Treatment of Acne With Traditional Chinese Medicine
07 Apr 2016
Most of us will admit that the problem of acne has affected all of us at some point in life. Though the condition seems like an innocuous medical situation, multiple acnes on the face or some conspicuous part of the body can make individuals feel uncomfortable and self-conscious. This can cause them to end up spending a significant amount on commercially available washes and creams. What’s worse is that the commercial remedies may not always produce satisfactory results.
Fortunately, acne is one of those medical conditions which Traditional Chinese Medicine can treat effectively. The treatment involves usage of a multiple TCM modalities, including acupuncture, herbal medicine, dietary therapy and exercise. Practitioners generally explain the condition by using metaphors for describing pathogens in stomach and lung meridians.
Lung meridian begins in the centre of the human body and rises up till the chest, whereas stomach meridian exists from the face and goes down via the chest. When there is excess heat inside the body, it is forced to rise up near the face. This usually happens if a patient consumes too much greasy, spicy, fried or sweet food. Undigested metabolites or dampness are created which transform directly into heat. If the dampness persists for a long period of time, it can change into phlegm, which in turn can trigger blood stagnation.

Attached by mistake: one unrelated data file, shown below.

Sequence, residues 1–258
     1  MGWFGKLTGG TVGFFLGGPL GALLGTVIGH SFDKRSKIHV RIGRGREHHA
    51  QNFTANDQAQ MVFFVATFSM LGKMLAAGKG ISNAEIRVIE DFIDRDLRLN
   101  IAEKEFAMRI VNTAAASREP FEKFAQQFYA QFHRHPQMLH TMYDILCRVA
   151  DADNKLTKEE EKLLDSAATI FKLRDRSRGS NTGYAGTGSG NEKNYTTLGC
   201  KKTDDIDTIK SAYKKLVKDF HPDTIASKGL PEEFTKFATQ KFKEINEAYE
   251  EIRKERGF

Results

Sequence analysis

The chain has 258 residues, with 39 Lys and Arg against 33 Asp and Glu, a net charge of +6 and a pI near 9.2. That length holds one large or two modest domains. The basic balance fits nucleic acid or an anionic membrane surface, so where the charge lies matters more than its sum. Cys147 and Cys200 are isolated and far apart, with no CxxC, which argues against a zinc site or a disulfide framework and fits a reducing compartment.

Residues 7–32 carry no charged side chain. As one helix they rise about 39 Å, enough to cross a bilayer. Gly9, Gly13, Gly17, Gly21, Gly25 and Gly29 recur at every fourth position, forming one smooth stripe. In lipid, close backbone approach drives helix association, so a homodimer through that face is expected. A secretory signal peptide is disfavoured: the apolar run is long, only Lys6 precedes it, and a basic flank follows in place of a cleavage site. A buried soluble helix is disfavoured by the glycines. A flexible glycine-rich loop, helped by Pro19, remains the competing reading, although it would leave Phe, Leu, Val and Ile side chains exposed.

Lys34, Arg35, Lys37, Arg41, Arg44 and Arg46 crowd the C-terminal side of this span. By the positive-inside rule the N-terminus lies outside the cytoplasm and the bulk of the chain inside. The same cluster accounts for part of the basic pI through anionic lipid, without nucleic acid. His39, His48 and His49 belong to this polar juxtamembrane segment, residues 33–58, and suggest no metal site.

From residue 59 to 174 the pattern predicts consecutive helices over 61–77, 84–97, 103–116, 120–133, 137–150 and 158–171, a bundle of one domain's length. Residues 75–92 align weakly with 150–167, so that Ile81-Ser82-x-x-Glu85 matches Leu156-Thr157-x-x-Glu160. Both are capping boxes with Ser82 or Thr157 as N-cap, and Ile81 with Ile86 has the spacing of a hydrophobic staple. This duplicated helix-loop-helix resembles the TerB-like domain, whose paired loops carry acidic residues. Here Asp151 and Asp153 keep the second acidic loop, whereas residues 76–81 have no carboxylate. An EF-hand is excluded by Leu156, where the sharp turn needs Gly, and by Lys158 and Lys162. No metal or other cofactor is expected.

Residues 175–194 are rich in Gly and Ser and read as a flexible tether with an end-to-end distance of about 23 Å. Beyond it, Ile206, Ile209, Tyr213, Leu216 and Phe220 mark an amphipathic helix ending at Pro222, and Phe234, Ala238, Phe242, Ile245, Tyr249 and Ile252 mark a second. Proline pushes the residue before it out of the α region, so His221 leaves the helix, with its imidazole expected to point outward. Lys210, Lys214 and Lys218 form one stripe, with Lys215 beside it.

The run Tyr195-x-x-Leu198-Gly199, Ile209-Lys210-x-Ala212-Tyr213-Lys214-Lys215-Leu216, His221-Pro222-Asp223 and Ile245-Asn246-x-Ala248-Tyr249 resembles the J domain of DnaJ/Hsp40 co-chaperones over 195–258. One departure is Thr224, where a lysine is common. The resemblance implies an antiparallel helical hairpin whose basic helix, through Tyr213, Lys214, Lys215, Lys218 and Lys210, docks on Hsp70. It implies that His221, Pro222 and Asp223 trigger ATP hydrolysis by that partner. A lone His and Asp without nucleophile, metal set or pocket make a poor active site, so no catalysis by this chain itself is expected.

Chinese medicine tends to explain the condition of acne into two different types - heat in stomach and lungs & phlegm stagnation with blood stagnation and dampness. People suffering from the former type generally feel thirsty all the time, and naturally have shiny or oily skin. They may even be afflicted with acute constipation. The principle of their treatment with TCM is clearing the heat. It is done with the help of some effective herbs like the Huang Qin (scutellaria), Sheng Di (rehmannia root), Mu Dan Pi (tree peony root) and Huang Bai (phellodendri).
If phlegm stagnation is responsible for the acne problem in an individual, dark red papular lesions may appear on their skin in clusters. The resulting sores can last for a long time. The treatment to resolve the issue would focus on activating blood circulation. Practitioners normally use a classic formula for the purpose, Tao Hong Si Wu, along with herbs which help in blood circulation including Bai Shao (peony root), Chi Shao (red peony) and Dang Gui (angelica root).
In addition to herbal therapy, the patient may also be administered with acupuncture on points along the stomach and lung meridians.
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